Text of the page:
Hotels seem to be the best business in Korea to be in right now.
Tourism is booming in Korea with a record number of visitors ― of which the Chinese take up nearly half.
Last year's historic milestone of 14 million foreign visitors looks set to be broken this year, as the travel-loving Chinese continue to throng Seoul streets.
New hotels are rising in Seoul. Jejudo Island ― once a favourite destination for Korean newlyweds ― has turned into a giant resort development site, as Chinese vacationers surge in. Gangwon Province's Pyeongchang is expanding its hospitality infrastructure for the 2018 Winter Olympics, while Gwangju is seeking to become an Asian cultural hub following the opening of the 2015 Universiade.
A look underneath the glittering surface, however, reveals an industry that is faced with unprecedented challenges, brought on by technology, a shift in tourist demographics and diversifying customer demand.
"Four- to five-star hotels have been suffering a decline in room occupancy, following the drop in Japanese tourists," said Kim Jang-won, an official at the Korea Tourism Organisation.
"On the contrary, cheap motel rooms are selling well, thanks to Chinese tourists."
The Chinese, who have overtaken the Japanese in arrivals to Korea, tend to skimp on accommodation, while splurging on shopping, he explained.
Luxury hotels, stung by a drop in room occupancy from over 90 per cent until 2012 to 74 per cent in 2014, are trying to rev up revenues through banquet sales, hosting weddings, baby's first birthday parties and business meetings. Weddings, in particular, are seen by many hoteliers as an opportunity to create a loyal customer base.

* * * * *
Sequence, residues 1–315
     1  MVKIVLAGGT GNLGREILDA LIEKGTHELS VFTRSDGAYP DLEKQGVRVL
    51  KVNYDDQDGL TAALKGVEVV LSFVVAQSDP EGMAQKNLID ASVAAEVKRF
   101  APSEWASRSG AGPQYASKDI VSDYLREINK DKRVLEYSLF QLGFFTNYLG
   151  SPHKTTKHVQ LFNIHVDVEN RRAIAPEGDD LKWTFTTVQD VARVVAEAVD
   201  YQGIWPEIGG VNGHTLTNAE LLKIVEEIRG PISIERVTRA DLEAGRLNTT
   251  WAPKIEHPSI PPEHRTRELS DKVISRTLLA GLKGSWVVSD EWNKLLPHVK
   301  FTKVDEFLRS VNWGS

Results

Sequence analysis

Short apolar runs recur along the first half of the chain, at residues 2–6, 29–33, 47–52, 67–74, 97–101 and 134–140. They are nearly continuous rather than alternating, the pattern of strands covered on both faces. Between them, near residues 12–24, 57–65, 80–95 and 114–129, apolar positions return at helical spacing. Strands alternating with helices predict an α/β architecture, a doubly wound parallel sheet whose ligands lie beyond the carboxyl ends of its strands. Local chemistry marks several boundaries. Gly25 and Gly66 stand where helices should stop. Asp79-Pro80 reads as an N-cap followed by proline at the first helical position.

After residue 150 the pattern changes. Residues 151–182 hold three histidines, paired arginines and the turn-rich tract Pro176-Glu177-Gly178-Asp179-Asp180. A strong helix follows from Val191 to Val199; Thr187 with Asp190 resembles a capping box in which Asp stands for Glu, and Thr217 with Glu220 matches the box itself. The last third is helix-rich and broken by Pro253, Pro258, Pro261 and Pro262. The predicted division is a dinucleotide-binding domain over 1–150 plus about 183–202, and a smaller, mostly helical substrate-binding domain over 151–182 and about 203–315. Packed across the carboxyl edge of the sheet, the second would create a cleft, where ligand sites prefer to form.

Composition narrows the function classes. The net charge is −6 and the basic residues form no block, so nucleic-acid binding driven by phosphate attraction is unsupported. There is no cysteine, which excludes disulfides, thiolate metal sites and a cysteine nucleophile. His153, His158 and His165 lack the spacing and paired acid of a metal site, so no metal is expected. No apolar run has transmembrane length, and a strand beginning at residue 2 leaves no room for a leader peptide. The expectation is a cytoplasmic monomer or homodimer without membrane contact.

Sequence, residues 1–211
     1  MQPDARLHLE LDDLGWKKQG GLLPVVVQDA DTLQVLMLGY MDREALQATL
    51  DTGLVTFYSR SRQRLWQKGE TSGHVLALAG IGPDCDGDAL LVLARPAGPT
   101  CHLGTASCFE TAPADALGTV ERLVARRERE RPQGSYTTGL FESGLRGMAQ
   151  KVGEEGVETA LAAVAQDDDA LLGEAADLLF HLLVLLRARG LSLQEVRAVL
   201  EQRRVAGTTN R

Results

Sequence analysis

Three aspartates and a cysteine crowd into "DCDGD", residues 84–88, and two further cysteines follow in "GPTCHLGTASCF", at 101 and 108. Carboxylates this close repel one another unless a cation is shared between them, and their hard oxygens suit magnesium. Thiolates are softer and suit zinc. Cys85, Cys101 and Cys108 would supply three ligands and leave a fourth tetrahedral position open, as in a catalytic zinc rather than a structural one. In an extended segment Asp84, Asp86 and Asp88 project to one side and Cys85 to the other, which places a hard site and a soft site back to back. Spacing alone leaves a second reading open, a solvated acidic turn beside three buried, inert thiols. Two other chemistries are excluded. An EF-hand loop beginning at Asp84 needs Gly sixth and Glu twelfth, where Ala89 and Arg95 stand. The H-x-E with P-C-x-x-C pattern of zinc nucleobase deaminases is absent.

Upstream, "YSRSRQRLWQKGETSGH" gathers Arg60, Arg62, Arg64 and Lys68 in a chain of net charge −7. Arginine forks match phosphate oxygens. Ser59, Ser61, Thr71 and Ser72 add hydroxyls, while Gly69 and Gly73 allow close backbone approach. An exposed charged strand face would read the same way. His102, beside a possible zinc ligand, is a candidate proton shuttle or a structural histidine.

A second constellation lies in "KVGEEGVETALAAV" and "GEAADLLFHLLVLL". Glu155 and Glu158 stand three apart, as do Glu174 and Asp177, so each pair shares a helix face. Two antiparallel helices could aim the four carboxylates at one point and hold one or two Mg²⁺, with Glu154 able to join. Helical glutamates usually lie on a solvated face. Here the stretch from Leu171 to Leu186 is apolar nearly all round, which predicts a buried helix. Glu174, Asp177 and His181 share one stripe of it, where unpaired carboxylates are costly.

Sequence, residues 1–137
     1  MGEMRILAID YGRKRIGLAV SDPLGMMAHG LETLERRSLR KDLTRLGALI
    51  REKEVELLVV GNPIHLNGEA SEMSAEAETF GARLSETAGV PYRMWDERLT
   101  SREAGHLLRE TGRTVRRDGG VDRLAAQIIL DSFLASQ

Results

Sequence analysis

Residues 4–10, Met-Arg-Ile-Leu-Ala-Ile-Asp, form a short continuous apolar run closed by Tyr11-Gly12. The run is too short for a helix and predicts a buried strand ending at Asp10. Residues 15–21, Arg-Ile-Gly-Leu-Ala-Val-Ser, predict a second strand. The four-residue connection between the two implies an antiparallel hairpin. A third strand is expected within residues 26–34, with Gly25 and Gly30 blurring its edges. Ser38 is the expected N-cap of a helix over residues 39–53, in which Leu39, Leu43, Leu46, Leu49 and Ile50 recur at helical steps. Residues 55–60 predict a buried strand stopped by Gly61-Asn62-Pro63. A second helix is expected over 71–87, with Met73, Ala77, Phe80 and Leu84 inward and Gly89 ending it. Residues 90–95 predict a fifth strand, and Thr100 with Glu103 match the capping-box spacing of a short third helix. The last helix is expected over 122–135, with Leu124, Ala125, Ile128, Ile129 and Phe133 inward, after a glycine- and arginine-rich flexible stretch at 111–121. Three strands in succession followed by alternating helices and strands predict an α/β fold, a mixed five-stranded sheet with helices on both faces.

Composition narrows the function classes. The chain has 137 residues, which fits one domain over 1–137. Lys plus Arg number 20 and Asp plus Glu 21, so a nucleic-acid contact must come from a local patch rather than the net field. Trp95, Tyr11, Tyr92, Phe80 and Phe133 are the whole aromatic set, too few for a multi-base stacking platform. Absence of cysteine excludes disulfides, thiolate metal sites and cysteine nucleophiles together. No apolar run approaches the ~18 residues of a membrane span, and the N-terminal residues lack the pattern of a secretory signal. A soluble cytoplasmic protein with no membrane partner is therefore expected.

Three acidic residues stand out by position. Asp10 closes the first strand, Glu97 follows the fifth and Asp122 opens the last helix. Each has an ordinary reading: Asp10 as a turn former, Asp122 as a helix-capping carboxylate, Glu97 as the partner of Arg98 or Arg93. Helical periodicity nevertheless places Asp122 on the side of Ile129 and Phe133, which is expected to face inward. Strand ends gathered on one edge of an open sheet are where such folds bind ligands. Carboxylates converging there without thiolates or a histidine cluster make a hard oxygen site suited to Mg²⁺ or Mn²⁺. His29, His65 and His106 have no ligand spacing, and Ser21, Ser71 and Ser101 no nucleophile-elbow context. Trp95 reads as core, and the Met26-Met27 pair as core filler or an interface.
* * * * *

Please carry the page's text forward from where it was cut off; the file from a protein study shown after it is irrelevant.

"Hotels are more than a place for accommodation. They make your special day even more special," said Hannah Jeon, public relations coordinator at Conrad Seoul.
In a trend dubbed "the rise of the un-hotel" in Europe and the US, unorthodox accommodation services are sprouting up in Korea as well, evidenced by the 2013 arrival here of the global accommodation sharing service provider AirBnB.
Matching spare rooms at homes of local residents and tourists looking for low-cost, out-of-the-box lodging experience, the service is expanding fast with 6,400 room offerings now.
As more travelers seek accommodation options on the Internet and smartphones, reservation applications such as Hotel Now and Hotels Combined have emerged, offering information on available rooms of hotels or private apartments and houses at discount prices.
"Smartphones led to growing demand for mobile apps that enabled users to check availability of rooms and spontaneously make reservations," said Kim Ka-young, cofounder of IT start-up Bonbonlab, the developer of Hotel Now.
While these niche mobile apps have been complementary ― rather than disruptive ― to traditional lodging services, major brands are also trying to cater to the diversifying needs of guests, as many now want a new lodging experience on top of convenience and quality services.
Blending a taste of local culture with the convenience of Western hospitality, hotels set in hanoks (traditional Korean homes) are emerging, adding more colour to this increasingly diversifying hotel scene in Korea.